I’d buy 819 shares in this magnificent FTSE 100 company for a £1,000 second income

Despite a patchy record and a low dividend yield, Stephen Wright thinks income investors should consider buying shares in InterContinental Hotels Group.

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Shares in InterConintental Hotels Group (LSE:IHG) aren’t an obvious choice for income investors. A 1.6% dividend yield and an inconsistent record don’t exactly jump off the page.

I think this is a missed opportunity. The FTSE 100 isn’t exactly short of quality dividend stocks, but I think InterContinental Hotels Group might be as good as any.


InterContinental Hotels isn’t a Dividend Aristocrat and it won’t be one for a long time. The company has lowered its dividend five times in the last 20 years, most recently in 2020. 

Despite a patchy recent history, there are a few things investors should note. The first is that the company actually has a very good record over the long term. 

InterContinental Hotels Group dividend per share 2004-24

Created at TradingView

Investors who bought the stock in 2004 and stayed the course to the present day have gone from receiving 42p per share to £1.23. That’s an average annual increase of 5.5%.

Furthermore, the company’s rebounded strongly from the Covid-19 pandemic and its dividend’s currently at record levels. And there’s reason to think it might stay there.

InterContinental Hotels Group shares outstanding 2004-24

Created at TradingView

The company’s been steadily reducing its share count using share buybacks. As a result, there are fewer InterContinental shares outstanding than at any point in the last 20 years.

Put simply, fewer shares overall means more of the total cash distributed by the business for each shareholder. So a record low share count makes the dividend much easier to maintain.

A magnificent company

InterContinental’s impressive dividend growth’s been due to the strength of the underlying business. And the key to this is the company’s franchise model.

The firm doesn’t own the hotels in its network. Instead, it provides marketing, booking and technology support in exchange for a fixed fee and a percentage of the hotel’s revenues.

This means InterContinental avoids virtually all of the costs associated with running hotels. These include maintaining buildings, employing staff and paying energy bills.

As a result, the company’s extremely efficient at generating cash. This shows up in its free cash flow margin, which is consistently higher than the likes of BP, Tesco, and Unilever.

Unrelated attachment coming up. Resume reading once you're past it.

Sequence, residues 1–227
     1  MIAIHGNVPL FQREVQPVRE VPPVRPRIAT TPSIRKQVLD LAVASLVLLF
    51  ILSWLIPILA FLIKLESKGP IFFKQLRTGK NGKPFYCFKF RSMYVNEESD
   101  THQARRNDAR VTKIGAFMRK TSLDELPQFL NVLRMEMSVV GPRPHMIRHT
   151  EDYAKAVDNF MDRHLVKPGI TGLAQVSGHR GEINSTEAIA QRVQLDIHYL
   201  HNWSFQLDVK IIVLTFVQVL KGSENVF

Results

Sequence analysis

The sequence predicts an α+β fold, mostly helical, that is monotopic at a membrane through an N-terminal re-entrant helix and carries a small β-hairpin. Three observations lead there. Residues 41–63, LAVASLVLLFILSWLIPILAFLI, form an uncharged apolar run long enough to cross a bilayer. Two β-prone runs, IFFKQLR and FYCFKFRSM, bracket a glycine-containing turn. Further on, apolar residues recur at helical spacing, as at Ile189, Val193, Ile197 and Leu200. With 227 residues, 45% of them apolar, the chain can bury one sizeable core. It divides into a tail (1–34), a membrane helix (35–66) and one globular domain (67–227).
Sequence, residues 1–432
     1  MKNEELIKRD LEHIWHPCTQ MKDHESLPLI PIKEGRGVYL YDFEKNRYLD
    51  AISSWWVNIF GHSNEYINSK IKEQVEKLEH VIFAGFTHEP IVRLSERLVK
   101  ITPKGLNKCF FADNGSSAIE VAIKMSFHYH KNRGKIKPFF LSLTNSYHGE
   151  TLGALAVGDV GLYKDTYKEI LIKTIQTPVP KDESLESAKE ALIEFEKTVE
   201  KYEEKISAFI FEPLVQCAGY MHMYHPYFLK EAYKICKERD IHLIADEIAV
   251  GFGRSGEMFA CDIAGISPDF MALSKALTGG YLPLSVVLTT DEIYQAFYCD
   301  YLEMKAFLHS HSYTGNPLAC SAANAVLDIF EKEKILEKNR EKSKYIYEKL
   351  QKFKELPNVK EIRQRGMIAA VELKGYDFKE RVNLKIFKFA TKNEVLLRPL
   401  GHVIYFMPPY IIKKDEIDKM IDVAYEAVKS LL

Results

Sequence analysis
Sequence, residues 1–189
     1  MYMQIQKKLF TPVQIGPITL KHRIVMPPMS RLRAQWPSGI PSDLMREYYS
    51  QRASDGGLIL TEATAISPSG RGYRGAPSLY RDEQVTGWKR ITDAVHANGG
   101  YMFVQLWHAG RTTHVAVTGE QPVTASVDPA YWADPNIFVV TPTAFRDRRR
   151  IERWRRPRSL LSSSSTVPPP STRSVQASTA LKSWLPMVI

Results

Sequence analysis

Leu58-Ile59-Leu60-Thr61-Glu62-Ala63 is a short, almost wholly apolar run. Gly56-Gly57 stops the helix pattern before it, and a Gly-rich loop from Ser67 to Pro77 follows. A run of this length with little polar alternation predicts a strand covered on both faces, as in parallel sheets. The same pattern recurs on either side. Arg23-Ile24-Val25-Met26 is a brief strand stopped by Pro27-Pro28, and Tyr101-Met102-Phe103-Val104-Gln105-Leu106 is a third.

InterContinental Hotels Group free cash flow margin 2004-24

Created at TradingView

The stock trades at a price-to-earnings (P/E) ratio of 24, which is expensive with interest rates at 5.25%. This is a risk and investors need to consider whether or not it’s worth it.

I think it is. I expect the company’s cash-generating ability to allow it to keep bringing down its share count and increasing its profits – as it’s done for the past two decades. 

That second income

A £1,000 second income from InterContinental Hotels Group would require 819 shares. That would cost £68,000, which is beyond me right now but might be achievable with time.

Investing £1,000 a month would bring me to this level in around five years. And I could reinvest the dividends I receive along the way to get me to this target more quickly. 

InterContinental Hotels Group shares are expensive. But the bottom line is that I’d rather own a small amount of an exceptional business than a larger share of an ordinary one.

Should you invest, the value of your investment may rise or fall and your capital is at risk. Before investing, your individual circumstances should be assessed. Consider taking independent financial advice.

Stephen Wright has positions in Unilever Plc. The Motley Fool UK has recommended InterContinental Hotels Group Plc, Tesco Plc, and Unilever Plc. Views expressed on the companies mentioned in this article are those of the writer and therefore may differ from the official recommendations we make in our subscription services such as Share Advisor, Hidden Winners and Pro. Here at The Motley Fool we believe that considering a diverse range of insights makes us better investors.

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